God keeps his promises


Sermon for Sunday, November 28th, 2021

Advent I


In the New Jerusalem, on that day when people see God’s promises fulfilled, and the empty promises of men swept away, people will finally fully realize then that God is their true and only righteousness. People will know then, that the promises that truly matter, are God’s promises.

The prophet Jeremiah had predicted that the kingdoms of Israel and Judah would be destroyed and that the great city of Jerusalem would be laid waste. 

You don’t get that part in our Old Testament reading this morning, you just get the sugar, you just get the promises, but before Jeremiah offers people those words of hope, first he has to inform them that there are hard times coming. Hard times doesn’t even begin to describe it. Jerusalem will fall, its walls will be torn down, its temple will be destroyed. The broken promises of men will be brought into full view.

After Jeremiah shares that harsh message, then he shares the passage that you heard this morning, telling of how God is going to fulfill his promises, raise up a new king with a new kingdom, and there will be a new Jerusalem too, only Jeremiah gives it a new name. He says the city is going to be called “The Lord is our righteousness.” 

That’s kind of a long name for a city. I mean, it’s shorter than those Welsh towns that people make fun of, but you wouldn’t want to have to write it many times on an envelope. But that is what Jeremiah says the new Jerusalem is going to be called: “The Lord is our righteousness.” 

Because in the New Jerusalem, when people see God’s promises fulfilled, and the empty promises of men swept away, people will finally fully realize that God is their righteousness. Their only righteousness. Not their good works. Not their money. Not their intellect. Not their looks. Not their correct opinions. Not their promises. None of that stuff will mean anything in the presence of God. None of that has anything to do with true righteousness. God determines what is right and what is wrong, so true righteousness can only come from God alone. God is the author of it.

Think about that for a second. We say things like: this is right and that is wrong all the time. We appeal to right and wrong all the time, but where does that notion of right and wrong ultimately come from? It comes from God.  We forget that. We get this foolish notion that we can be righteous apart from God. We think that righteousness exists apart from God, but it doesn’t. In the New Jerusalem, according to Jeremiah, we will know that the Lord is our righteousness. We will know that God is our only hope and salvation.

If that is true, if the Lord is our only source of true righteousness, then wouldn’t we welcome his presence among us? Wouldn’t we eagerly look for it? We don’t have to wait until that future day comes to look to God for our salvation, in fact, we dare not. We need to look for it now. That is what Jesus wanted his disciples to understand: God’s promises are being fulfilled right in front of you, if you only had the power to recognize it and see it. God’s promises need to be on your mind at all times, because the Kingdom of God is not as far away as you might think. God’s promises shouldn’t be words that sit on a dusty bookshelf somewhere. They should be words that are a part of our daily lives. We should look to God’s promises more often than we look to the promises of men. They are more reliable.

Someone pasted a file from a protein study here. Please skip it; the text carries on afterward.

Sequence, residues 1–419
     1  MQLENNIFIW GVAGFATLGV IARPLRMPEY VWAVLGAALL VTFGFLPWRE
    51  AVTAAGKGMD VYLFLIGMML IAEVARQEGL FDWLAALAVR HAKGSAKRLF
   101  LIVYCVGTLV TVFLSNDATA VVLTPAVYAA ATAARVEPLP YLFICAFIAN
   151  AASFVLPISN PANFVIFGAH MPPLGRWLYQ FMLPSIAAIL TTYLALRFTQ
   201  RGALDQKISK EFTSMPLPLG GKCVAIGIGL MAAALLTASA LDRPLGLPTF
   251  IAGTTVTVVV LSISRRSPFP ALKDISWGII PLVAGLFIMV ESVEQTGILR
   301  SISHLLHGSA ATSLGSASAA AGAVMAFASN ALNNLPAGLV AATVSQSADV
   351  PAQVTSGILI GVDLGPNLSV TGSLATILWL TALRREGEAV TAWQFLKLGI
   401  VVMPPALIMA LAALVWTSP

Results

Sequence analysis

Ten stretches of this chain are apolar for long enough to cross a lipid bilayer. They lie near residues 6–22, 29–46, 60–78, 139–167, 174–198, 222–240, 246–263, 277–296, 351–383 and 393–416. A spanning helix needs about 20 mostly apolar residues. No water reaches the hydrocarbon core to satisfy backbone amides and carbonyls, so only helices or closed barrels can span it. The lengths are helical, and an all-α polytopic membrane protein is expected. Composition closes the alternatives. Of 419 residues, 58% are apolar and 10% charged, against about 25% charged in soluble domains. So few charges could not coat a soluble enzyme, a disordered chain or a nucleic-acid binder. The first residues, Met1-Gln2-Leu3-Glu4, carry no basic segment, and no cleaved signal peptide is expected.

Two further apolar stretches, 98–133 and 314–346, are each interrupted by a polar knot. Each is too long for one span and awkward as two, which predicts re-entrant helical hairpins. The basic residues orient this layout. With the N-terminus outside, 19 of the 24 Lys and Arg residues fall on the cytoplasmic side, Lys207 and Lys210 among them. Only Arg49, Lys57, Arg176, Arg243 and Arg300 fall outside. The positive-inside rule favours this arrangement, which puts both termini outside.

Today is the first Sunday of Advent. Last week we proclaimed Christ as our King; this week we look for his coming again in power and glory. The Second Coming of Christ is often talked about or depicted as something to be feared, but if Jeremiah was right, if the Lord really is our righteousness; if God is our fountain of goodness and the well of water that leads to eternal life, if God keeps his promises, then we shouldn’t fear his coming. We should welcome it. We should long for it. 

For some of our young Christians sitting in the front today, this isn’t just the beginning of a new church season, today marks the beginning of what we hope will be a lifelong relationship with our Lord in the Holy Eucharist. Whenever you come forward to receive, my young brothers and sisters, you should remember that this act too is a promise of God. Jesus has promised us that he will be present with us whenever we gather for communion. He has promised to feed us with his very own life. This is a promise that you can trust. Kids, not everyone you meet in life can be trusted, but God can be. Never forget that. God keeps his promises and communion is an important reminder of that.